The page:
Dissertation Research

Working Papers

Barricading the Court: The Impact of Institutional Rules on High Court Appointments in Latin America.

The wave of constitutional reforms in Latin American during the 1990s and 2000s has spawned a diversity of institutional rules for depoliticizing the judicial nomination process and limiting the influence of any one political branch. However, are these institutional rules merely ”parchment barriers” that fail to prevent strong presidents from dominating judicial appointments to high courts?

 

Natural Resources and Social Conflict: Explaining Anti-Mining Protests in Brazil 

(with Johannes Urpelainen).
How much does mining contribute to social conflict? To what extent do local communities oppose mining projects, and when? We exploit cross-sectional variation in mineral deposits, temporal variation in global commodity prices, and detailed data on protests across 5,565 Brazilian municipalities to shed light on the conditions under which local communities mobilize against environmentally destructive mining protests.

 

Playing Politics with Environmental Protection: the Political Economy of Designating Protected Areas

(with Johannes Urpelainen and Jorge Mangonnet)

Protected areas play an important role in biodiversity conservation, but they also carry local costs in the form of constraints on natural resource extraction. Examining the designation of protected areas in the Brazilian Amazon, we conduct a geographic regression discontinuity analysis. We find that the Brazilian government systematically over-designates protected areas in municipalities controlled by opposition mayors relative to municipalities controlled by co-partisan mayors.

 

Greasing the Wheels: The Politics of Environmental Clearances in India 

(with Johannes Urpelainen and Erin York)

We use data on environmental clearances in India for thermal (primarily coal-fired) power plants between the years 2004-2014 to examine how two factors—political alignment and criminal politicians—shape applications for and the approval of environmental clearances. Using a regression discontinuity design, we find that partisan alignment with the state chief minister results in a sharp increase in clearance applications, consistent with the hypothesis that political alignment “greases the wheels” of bureaucracy.

 

Experiments, Courts, and the Legal Process: The Legal Implications of Running Randomized Experiments in the Courtroom

(with Dane Thorley)

Field experiments are a powerful tool for identifying causal relationships, but field experiments can be problematic because they require the researcher to actively intervene in the subjects' lives. Because of these interventions, researchers and organizations running experiments must address a number of ethical concerns before and during their study. In this article, we explore the legal and ethical issues surrounding the use of court-based field experiments.

Current Projects

Community Monitoring and Technology Transfer to Prevent Deforestation: A Field Experiment in the Peruvian Amazon. (partnering with Rainforest Foundation US and funded through the EGAP Metaketa III Initiative) (with Johannes Urpelainen and Tara Slough; IRB Protocol AAAR2625)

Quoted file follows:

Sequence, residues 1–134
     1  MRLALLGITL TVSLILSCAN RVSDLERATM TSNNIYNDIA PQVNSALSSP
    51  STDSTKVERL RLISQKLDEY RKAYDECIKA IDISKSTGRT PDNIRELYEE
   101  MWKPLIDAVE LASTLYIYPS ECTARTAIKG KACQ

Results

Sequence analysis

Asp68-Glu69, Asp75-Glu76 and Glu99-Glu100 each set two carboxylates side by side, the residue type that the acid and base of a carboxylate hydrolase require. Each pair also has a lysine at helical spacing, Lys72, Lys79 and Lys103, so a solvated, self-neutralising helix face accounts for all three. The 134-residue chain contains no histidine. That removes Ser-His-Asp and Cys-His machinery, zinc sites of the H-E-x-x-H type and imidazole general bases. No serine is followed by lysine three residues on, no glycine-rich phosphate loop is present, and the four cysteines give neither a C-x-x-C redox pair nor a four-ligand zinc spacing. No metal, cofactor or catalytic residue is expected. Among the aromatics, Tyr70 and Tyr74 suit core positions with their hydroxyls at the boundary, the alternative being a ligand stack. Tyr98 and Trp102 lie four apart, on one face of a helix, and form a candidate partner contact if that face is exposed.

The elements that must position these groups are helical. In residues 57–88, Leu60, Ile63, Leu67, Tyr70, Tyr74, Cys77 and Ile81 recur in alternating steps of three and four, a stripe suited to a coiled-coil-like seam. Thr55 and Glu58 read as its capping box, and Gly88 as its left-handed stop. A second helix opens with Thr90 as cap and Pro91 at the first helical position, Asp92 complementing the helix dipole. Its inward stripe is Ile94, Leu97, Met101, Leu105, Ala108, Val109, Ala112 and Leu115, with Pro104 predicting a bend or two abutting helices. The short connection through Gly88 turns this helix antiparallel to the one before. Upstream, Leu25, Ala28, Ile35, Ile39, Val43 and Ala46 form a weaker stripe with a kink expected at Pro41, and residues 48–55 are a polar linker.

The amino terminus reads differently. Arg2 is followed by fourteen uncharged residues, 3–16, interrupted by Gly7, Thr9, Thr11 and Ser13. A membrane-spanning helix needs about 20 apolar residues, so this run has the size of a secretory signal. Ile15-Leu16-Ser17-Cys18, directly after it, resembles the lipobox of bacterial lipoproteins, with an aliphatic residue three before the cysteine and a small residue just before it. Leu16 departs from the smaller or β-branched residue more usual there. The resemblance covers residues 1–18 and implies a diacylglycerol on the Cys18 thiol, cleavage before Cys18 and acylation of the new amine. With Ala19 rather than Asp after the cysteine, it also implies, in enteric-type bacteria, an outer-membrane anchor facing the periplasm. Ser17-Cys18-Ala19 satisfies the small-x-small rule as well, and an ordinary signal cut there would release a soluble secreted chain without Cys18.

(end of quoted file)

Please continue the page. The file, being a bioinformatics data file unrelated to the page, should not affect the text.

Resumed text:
To what extent does providing information to forest communities allow them to respond to threats of deforestation on community lands and better manage collective forest resources? We have designed a field experiment in the Peruvian Amazon that will provide indigenous communities with training, technology, and eventually weekly updated data detected by satellite monitoring on threats to collectively-held forests.

 

Parole Preparation Evaluation Project: A Field Experiment on Quasi-Legal Aid for Parole Hearings. (with Dane ThorleyIRB Protocol AAAQ6353) 

This project, which is a collaboration the National Lawyers Guild, will provide evidence on the efficacy of quasi-legal assistance in administrative hearings, and seek to understand the impact of legal proceedings on perceptions of legitimacy. Specifically, we examine whether receiving assistance affects an incarcerated person's beliefs about the fairness of the parole hearing procedures and the criminal justice system. 

 

International Rights Mobilization: Measuring the Effect of International Law on Indigenous Protest in Peru. (with Johannes Urpelainen)

This project studies whether international human rights law can incentivize political mobilization. Current theory suggests that effective enforcement of human rights requires international law to serve as a coordination mechanism for political mobilization in favor of a particular right. This study will test that theory by examining indigenous mobilization around mining projects in Peru from 2004-2015, a period in which international protections for indigenous rights to consultation was steadily growing in the Inter-American System of Human Rights, a strong regional enforcement mechanism. 

Other Publications

  • Cushing, L. and Kopas, J. (2011) A Human Crisis: Climate Change and Human Rights in Latin America. AIDA. Bogota. [Report]

  • Kopas, J. and Puentes, R. (2010) Grandes represas en América: ¿Peor el remedio que la enfermedad? AIDA. Bogota. [Report]

  • Cavallaro, J., Kopas, J., Lam, Y., Maylhe, T., and Villagra, S. (2008) Security in Paraguay: Analysis and Responses in Comparative Perspectives. Harvard University Press. Cambridge, MA. [Book]